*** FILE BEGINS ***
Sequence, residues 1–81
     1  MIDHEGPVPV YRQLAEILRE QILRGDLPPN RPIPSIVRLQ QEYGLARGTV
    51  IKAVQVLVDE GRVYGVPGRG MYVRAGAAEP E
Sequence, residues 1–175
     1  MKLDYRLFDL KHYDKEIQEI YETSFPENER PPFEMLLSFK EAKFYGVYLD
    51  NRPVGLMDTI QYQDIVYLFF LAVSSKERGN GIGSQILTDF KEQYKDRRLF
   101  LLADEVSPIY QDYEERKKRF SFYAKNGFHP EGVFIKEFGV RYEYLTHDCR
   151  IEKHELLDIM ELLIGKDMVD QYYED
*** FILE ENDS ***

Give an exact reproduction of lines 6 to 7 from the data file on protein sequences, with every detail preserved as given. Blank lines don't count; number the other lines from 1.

    51  NRPVGLMDTI QYQDIVYLFF LAVSSKERGN GIGSQILTDF KEQYKDRRLF
   101  LLADEVSPIY QDYEERKKRF SFYAKNGFHP EGVFIKEFGV RYEYLTHDCR